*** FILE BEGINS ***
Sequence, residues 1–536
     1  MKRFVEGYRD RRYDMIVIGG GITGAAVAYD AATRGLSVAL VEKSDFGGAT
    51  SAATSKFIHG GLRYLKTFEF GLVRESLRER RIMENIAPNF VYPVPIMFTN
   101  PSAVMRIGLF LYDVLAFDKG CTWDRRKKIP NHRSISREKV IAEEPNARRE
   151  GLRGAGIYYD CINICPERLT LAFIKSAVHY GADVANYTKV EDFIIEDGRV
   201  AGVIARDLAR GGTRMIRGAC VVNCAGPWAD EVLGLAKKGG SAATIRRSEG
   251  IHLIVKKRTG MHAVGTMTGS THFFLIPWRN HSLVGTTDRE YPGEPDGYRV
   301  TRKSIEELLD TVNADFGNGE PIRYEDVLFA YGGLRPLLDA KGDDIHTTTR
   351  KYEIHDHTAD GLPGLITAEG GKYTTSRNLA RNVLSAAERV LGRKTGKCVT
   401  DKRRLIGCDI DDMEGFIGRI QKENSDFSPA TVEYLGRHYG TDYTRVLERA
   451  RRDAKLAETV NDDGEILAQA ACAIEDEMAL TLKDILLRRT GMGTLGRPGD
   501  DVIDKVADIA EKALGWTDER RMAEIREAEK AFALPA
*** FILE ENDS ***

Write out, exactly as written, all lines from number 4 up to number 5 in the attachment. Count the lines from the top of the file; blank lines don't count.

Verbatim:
   101  PSAVMRIGLF LYDVLAFDKG CTWDRRKKIP NHRSISREKV IAEEPNARRE
   151  GLRGAGIYYD CINICPERLT LAFIKSAVHY GADVANYTKV EDFIIEDGRV